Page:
Short Sale at the White House?

I haven’t had much time to cover the ins and outs of the foreclosure settlement, which has been genuinely imminent for two weeks, but which is faltering now on banks’ refusal to be sued for anything. My guess is that Eric Schneiderman’s indefinite delay of his presumed announcement that he was joining the settlement last night means he had demonstrated the banks weren’t serious about how narrow they claimed the release to be.

That said, I found this to be a rather interesting article. It confirms what was obvious when they held a meeting in Chicago a few weeks back: this settlement is now the White House’s baby.

The White House has quietly injected itself into ongoing settlement discussions aimed at resolving regulators’ allegations that leading US banks abused struggling homeowners, underscoring the deal’s potential impact on the broader housing market and the presidential election.

Aides to President Barack Obama have in recent weeks courted civil rights groups and borrower advocacy organisations, scheduling meetings and calls in an attempt to gain support for the expected settlement and muffle criticism from key political allies.

Now, one of the aides named in the story is Jon Carson, director of the White House’s office of public engagement. It makes sense that he’d be the one to reach out to groups like NAACP and La Raza, as the story describes (It sounds like NAACP is much more willing to buy this sell than La Raza).

I also find it interesting that they’re reaching out though civil rights groups. That’s because–at least according to the way-too-optimistic release terms posted by Mike Lux–civil rights claims are at the top of the list of abuses not immunized with this settlement.

No release on any fair housing, fair lending, or civil rights claims.

Also, predatory subprime lending has been one of the few abuses actually investigated and, in a few cases, settled (albeit with inadequate payouts).

In addition to Carson, National Economic Council Chair Gene Sperling is the other White House aide named in the article. Granted, he had a big role in the auto bailout, so he has not limited himself to bank issues, but I found it notable in any case.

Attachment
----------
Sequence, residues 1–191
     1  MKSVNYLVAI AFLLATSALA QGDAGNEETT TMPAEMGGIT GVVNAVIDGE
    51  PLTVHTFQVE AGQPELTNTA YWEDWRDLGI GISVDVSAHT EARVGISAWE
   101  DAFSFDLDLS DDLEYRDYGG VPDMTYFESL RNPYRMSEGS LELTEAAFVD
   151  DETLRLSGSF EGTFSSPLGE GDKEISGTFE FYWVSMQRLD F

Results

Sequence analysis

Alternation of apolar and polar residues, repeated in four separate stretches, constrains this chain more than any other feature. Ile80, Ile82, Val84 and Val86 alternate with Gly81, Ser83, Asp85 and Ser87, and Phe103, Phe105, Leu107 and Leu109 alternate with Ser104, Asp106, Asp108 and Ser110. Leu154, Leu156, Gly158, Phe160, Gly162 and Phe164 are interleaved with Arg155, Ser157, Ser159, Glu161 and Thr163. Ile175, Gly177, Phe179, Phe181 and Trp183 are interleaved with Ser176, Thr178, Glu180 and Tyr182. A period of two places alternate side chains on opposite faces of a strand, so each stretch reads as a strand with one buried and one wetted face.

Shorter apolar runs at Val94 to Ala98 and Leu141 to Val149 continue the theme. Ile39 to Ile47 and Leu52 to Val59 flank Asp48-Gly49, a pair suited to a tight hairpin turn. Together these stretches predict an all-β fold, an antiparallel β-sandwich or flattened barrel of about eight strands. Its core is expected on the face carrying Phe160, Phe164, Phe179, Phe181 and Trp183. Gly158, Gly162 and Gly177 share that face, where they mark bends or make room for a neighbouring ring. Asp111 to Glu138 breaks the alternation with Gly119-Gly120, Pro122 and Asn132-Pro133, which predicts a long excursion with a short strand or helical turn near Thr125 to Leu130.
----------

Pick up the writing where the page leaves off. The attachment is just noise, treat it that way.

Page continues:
But here’s one question I’ve got about this article. It says that Sperling and Carson are sharing the terms of the deal.

In addition to sharing confidential details of the settlement terms, the White House has sought to alleviate advocates’ concerns that the liability release is too broad by detailing which legal claims would remain if a settlement were reached.

Really? These confidential details can be shared? Well then, why aren’t they being shared?

That Obama is sharing the purported details of the deal with certain groups is all the more alarming given that the AGs who have been working on this deal for over a year appear to have no idea of what the terms actually are.

In short, it’s not so much that I’m surprised the White House is running this show. It’s that this stinks to high hell of another asymmetrical info op, the kind they pull on national security all the time. By compartmenting information, they ensure people buy off on stuff they have a badly incomplete understanding of.

Look, if NGOs can have access to this information, than so can everyone, from taxpayers to the Attorneys General trying to hold banks accountable.

19 replies
  1. P J Evans says:

    They’re still pressuring Kamala Harris to sign on to the multi-state ‘settlement’, and she still doesn’t like that deal. Apparently people who like it haven’t bothered to actually look at it.

  2. MadDog says:

    The White House wouldn’t be pulling another “public option” deal here would they?

    As in “sharing confidential details of the settlement terms” that will appease their target support groups and then will magically never show up in the actual settlement?

  3. William Ockham says:

    I would translate the “sharing terms of the deal” to something like “floating trial balloons to see what passes muster with the professional left” and I’m sure they are hearing the same thing that Mike Lux reported.